Physiologic Changes in Pregnancy and Implications for Perioperative Nonobstetric Surgery

Nonobstetric surgery in pregnancy is rare and risky

pregnant woman reviews medical information with female physician

By Moises AuronMD, FAAP, FACP, SFHMMarina Y Duran CastilloMD, FACP and Omar Felipe Duenas GarciaMD, MPH, FACOG

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*Please note: This is an excerpt from an article first published in the Cleveland Clinic Journal of Medicine. To view the article in its entirety, along with a complete list of references, please visit:

Nonobstetric surgery during pregnancy should be avoided if possible, but when surgery is required, an obstetrician should be part of the perioperative team. In general, preoperative assessment is similar regardless of whether a woman is pregnant, but cardiovascular, pulmonary, hematologic and renal changes of pregnancy can increase surgical risk and must be taken into account. Special management considerations include pregnancy-associated laboratory changes, timing of surgery, anesthesia choice, intubation precautions, patient positioning, preoperative blood typing, intraoperative fetal monitoring and venous thromboembolism prophylaxis.

Important physiologic changes take place during pregnancy that optimize maternal and fetal outcomes but increase risk during surgery. Accommodating normal changes and identifying and managing risk factors should guide perioperative planning.

Nonobstetric surgery in pregnancy is rare and risky

From 0.2% to 2.0% of pregnant women undergo nonobstetric surgery.1,2 In order of frequency, the most common procedures are appendectomy, cholecystectomy, adnexal surgery (for torsion or masses), trauma repair, small-bowel obstruction surgery and breast surgery.2–4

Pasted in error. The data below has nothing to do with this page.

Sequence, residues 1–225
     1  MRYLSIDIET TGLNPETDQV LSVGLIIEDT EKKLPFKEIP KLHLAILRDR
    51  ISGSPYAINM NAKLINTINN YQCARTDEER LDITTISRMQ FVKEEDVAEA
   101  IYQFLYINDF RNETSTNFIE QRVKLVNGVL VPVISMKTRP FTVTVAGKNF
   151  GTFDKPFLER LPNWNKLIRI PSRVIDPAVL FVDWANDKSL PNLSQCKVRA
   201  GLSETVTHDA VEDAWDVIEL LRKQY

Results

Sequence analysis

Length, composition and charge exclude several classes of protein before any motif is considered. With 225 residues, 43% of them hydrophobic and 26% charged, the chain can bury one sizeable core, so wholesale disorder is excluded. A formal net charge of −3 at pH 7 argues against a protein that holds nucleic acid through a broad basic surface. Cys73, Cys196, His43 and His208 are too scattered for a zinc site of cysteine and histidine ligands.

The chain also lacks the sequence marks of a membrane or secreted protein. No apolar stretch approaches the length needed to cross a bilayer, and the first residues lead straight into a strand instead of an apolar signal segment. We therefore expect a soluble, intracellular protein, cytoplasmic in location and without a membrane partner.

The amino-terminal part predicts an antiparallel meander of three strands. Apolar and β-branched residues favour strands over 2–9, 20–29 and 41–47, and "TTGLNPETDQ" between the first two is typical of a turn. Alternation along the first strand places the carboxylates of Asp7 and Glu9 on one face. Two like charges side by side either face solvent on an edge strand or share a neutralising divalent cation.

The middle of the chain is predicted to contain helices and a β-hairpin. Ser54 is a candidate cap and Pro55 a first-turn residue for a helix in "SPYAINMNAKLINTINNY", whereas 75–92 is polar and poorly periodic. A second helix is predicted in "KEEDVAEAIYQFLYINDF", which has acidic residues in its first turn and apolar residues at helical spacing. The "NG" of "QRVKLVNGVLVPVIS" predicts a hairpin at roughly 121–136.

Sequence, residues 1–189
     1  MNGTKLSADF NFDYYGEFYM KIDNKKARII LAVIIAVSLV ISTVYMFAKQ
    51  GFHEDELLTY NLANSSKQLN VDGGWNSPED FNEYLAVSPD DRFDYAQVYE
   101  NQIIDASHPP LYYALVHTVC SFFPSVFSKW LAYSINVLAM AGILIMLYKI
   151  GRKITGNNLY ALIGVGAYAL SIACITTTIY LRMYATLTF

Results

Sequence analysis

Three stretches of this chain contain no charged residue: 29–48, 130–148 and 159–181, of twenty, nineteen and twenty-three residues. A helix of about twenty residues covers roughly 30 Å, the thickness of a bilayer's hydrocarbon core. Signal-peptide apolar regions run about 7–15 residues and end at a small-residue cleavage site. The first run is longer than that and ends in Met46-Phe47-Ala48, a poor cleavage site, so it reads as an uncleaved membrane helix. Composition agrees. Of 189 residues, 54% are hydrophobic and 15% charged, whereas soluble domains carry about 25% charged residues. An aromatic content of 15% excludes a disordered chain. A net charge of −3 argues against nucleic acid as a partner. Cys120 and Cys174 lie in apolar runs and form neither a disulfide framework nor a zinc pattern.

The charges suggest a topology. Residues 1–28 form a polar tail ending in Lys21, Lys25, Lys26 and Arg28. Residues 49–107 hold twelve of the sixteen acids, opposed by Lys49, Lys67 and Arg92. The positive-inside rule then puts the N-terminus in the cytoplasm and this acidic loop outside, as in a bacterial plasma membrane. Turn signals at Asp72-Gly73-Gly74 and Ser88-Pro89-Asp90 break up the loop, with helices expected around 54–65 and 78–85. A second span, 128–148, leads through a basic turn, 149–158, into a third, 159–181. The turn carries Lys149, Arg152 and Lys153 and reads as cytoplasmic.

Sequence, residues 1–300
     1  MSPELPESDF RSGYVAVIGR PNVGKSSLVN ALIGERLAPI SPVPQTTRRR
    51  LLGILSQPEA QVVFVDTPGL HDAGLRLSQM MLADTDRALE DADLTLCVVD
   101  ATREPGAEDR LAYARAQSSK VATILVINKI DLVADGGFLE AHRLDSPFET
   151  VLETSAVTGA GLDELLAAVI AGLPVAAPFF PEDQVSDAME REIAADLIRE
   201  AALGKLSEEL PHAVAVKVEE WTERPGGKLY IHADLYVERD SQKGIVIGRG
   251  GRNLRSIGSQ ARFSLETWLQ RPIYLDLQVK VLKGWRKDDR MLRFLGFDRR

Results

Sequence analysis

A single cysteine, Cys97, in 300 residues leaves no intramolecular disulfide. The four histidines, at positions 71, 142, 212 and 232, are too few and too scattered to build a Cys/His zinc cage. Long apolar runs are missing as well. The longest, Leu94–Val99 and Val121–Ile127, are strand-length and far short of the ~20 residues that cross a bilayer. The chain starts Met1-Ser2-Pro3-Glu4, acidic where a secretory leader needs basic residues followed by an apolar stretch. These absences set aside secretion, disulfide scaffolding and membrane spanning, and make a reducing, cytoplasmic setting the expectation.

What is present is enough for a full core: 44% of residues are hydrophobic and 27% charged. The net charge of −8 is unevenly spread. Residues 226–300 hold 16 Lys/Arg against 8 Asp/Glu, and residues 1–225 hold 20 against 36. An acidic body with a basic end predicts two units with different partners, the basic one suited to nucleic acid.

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The American College of Surgeons National Surgical Quality Improvement Program reported a postoperative complication rate of 5.8% in pregnancy. Complications included reoperation within 30 days (3.6%), infections (2%), wound problems (1.4%), respiratory complications (2%), thromboembolic complications (0.5%), transfusion requirements (0.2%) and death (0.25%).4

A study of 5,591 pregnant women in Taiwan5 found that the rates of the following postoperative complications were higher than among nonpregnant women:

  • Sepsis (odds ratio [OR] 1.75, 95% confidence interval [CI] 1.47–2.07)
  • Pneumonia (OR 1.47, 95% CI 1.01–2.13)
  • Urinary tract infection (OR 1.29, 95% CI 1.08–1.54)
  • Death (OR 3.94, 95% CI 2.62–5.92).

One of the most common and feared complications from the obstetric perspective is preterm delivery. In a series of 86 pregnant women who underwent nonobstetric surgery in 1992 through 2014, the rate was 41% despite low rates of intraoperative and immediate postoperative complications.6

General perioperative considerations

  • Timing of surgery. Elective surgery should be postponed until after delivery, but urgent procedures necessary to save a patient’s life should be pursued regardless of pregnancy stage.45 Although patients can be reassured that anesthetic gases do not appear to be teratogenic, surgery during the first trimester may affect the rest of the pregnancy.23 The third trimester poses the highest risk for both mother and fetus; at that time, surgery becomes more technically difficult, and the fetus’s higher perfusion needs increase the risk of fetal hypoxia. If there is a choice, the second trimester is the best time to undergo necessary surgery.